CARACAS, Venezuela (AP) — President Hugo Chavez announced a 25-percent increase in Venezuela’s minimum wage Friday to try to blunt the effects of soaring inflation, and played down criticism of his government’s handling of an energy crisis and other domestic problems.
Chavez challenged opponents’ predictions that his popularity could take a dive due to measures such as last week’s currency devaluation and rolling blackouts imposed by the government.
“They say the country is collapsing … that Chavez is going to fall,” he said in his annual state-of-the-nation address to the National Assembly. “They are going to be disappointed.”
Chavez’s opponents are looking to capitalize on a range of vulnerabilities as they try to regain control of the National Assembly in September elections: blackouts made necessary by the energy shortage, 25-percent inflation, a banking scandal involving businessmen with ties to the government, rampant crime and heaps of trash lining potholed city streets.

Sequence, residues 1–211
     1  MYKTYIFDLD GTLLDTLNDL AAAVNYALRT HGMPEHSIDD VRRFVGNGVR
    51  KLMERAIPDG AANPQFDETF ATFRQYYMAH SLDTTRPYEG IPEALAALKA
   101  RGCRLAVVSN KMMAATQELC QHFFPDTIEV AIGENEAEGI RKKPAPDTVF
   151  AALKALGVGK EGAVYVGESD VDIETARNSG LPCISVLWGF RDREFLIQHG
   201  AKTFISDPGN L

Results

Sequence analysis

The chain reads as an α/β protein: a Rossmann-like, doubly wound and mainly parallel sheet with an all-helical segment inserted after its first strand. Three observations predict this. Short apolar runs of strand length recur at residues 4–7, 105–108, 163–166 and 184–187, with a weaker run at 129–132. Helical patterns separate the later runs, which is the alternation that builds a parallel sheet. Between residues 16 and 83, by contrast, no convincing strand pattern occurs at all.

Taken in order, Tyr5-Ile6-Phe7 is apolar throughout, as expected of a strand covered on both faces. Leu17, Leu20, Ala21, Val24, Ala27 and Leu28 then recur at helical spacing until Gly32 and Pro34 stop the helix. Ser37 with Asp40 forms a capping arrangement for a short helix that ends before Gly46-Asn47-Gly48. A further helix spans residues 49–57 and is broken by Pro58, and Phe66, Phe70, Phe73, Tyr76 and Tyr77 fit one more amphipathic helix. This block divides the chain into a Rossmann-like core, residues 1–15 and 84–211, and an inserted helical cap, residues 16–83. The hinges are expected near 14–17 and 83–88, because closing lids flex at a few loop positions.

“They say everything is Chavez’s fault. But with so much repetition, which is what they do, some people end up believing them,” he said. “There’s a government here that knows what it’s doing.”
Chavez’s government began scheduled power outages of up to four hours a day throughout the country this week. But a day after the measures took effect in Caracas, the president suspended the outages in the capital, saying the rationing plan was riddled with mistakes. Rolling blackouts continue elsewhere in the country.